DETROIT -- General Motors Co. says it rode cost cuts and strong sales of new models to an $865 million first-quarter net profit, boosting its plans to go public.
The automaker posted an operating profit of $1.2 billion from January through March, while generating $1 billion in free cash flow. GM was able to match the industry's 16 percent U.S. sales gain in the first quarter despite selling Saab and winding down Hummer, Saturn and Pontiac.
The figures reinforce the projections of CEO Ed Whitacre, who said last month the quarter would show "solid operating results" and pave the way to a possible initial public stock offering as soon as late 2010.
CFO Chris Liddell today put some conditions on that timing. GM will make an IPO only “when the markets and the company are ready,” he said in a conference call. “What's out of our control are the readiness of the markets and the status of the global auto industry.”
In addition, GM Controller Nick Cyprus cautioned that GM must further refine its internal financial controls before company managers have a clear view of financial performance. He expressed optimism that would be accomplished before an IPO.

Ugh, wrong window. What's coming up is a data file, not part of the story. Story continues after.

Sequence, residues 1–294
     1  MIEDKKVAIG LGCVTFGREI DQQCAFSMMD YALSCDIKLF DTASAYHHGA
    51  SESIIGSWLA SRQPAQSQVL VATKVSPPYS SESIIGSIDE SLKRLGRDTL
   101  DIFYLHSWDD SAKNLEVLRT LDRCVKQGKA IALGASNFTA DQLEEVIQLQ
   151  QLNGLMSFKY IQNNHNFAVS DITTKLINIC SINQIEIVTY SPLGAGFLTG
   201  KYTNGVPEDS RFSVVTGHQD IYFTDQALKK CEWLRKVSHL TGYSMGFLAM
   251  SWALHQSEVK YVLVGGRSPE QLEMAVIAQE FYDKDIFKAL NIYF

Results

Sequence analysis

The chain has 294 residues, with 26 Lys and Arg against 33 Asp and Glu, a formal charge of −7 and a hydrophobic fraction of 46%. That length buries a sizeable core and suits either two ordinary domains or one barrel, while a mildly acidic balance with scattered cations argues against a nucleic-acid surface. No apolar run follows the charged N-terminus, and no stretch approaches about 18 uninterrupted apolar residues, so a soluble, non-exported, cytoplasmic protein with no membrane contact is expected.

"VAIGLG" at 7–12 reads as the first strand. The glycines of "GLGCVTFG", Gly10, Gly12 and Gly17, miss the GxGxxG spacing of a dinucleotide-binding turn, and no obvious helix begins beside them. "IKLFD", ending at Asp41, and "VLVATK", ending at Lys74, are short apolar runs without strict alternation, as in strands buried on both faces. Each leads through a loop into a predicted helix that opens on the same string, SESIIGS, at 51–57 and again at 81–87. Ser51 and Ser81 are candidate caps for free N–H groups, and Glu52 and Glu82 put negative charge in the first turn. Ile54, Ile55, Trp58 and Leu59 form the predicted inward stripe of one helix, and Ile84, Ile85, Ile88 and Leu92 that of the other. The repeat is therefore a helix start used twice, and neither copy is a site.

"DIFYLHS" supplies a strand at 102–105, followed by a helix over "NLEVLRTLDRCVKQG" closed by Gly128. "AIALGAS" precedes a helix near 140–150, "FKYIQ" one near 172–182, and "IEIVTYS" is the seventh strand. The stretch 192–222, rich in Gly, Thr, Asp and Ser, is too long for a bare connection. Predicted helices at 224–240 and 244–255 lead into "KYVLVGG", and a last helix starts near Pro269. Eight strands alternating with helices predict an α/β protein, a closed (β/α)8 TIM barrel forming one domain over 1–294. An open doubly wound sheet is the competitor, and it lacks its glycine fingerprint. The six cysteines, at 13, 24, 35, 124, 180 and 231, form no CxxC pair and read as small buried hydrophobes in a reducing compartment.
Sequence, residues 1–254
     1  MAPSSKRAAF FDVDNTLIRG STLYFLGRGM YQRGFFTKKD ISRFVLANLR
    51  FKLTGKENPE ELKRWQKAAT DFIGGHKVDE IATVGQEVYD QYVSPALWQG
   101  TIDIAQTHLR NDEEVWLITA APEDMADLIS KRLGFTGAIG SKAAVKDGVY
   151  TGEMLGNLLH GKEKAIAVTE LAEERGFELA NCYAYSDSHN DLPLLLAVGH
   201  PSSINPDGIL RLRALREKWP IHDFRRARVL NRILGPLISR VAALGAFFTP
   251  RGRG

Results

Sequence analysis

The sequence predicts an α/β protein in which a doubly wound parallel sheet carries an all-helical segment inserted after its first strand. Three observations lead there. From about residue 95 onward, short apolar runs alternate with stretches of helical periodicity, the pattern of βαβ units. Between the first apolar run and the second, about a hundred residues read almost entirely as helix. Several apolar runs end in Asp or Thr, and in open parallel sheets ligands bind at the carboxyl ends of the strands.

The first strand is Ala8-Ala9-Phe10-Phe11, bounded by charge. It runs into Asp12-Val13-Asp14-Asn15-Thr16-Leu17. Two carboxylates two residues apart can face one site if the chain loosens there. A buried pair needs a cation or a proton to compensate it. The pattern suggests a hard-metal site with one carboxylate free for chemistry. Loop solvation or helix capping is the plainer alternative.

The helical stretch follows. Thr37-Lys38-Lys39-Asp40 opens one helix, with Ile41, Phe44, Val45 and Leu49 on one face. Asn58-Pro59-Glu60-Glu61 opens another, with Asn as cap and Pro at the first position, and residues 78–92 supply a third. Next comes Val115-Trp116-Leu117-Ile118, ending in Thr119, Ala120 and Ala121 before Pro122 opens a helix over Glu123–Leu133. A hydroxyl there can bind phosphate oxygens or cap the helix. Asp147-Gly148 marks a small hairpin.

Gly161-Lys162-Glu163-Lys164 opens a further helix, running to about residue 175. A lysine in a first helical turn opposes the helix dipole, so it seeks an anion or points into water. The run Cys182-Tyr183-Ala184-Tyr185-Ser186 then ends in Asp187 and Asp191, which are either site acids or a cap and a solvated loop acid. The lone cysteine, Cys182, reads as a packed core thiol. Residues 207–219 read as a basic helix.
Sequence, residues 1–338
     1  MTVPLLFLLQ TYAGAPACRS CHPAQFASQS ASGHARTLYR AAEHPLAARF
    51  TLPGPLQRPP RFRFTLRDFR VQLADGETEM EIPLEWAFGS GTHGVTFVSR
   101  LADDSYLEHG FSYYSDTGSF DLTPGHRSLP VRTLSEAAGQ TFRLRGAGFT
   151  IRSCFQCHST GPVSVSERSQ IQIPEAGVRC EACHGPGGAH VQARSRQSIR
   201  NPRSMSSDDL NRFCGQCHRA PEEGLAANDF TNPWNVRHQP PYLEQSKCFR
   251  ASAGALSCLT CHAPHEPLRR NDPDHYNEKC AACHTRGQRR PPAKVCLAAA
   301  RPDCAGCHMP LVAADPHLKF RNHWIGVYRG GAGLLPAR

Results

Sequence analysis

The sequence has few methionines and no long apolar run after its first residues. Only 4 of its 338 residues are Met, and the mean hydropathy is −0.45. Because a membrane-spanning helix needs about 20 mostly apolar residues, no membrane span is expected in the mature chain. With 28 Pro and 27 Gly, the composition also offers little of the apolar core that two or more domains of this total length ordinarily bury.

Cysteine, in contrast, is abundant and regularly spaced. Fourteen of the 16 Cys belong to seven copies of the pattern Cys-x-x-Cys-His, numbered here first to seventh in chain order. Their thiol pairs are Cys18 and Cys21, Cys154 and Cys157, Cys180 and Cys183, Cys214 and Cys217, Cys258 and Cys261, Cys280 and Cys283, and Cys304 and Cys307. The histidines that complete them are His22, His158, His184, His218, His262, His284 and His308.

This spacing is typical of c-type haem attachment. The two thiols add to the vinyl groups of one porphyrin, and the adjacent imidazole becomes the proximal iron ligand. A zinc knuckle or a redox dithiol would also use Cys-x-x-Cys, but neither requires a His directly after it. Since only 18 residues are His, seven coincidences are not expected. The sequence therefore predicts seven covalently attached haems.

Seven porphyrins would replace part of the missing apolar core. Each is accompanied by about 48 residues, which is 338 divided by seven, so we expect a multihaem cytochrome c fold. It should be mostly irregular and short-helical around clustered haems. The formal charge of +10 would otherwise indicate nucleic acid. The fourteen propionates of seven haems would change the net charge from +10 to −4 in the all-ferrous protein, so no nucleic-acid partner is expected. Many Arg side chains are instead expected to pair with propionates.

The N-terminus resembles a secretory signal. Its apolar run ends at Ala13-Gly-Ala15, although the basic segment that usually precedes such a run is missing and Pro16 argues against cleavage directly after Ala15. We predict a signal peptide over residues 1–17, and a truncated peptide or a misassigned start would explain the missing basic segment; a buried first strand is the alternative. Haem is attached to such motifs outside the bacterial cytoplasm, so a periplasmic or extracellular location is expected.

The U.S. Treasury Department is currently interviewing Wall Street bankers to advise the government on a GM IPO, the Wall Street Journal reported. Among the firms competing for the advisory role are Greenhill & Co, Lazard Ltd. and Perella Weinberg Partners, the newspaper said Saturday, citing sources.
Wall Street analysts have said investors would need to see two consecutive profitable quarters before an IPO could be successful.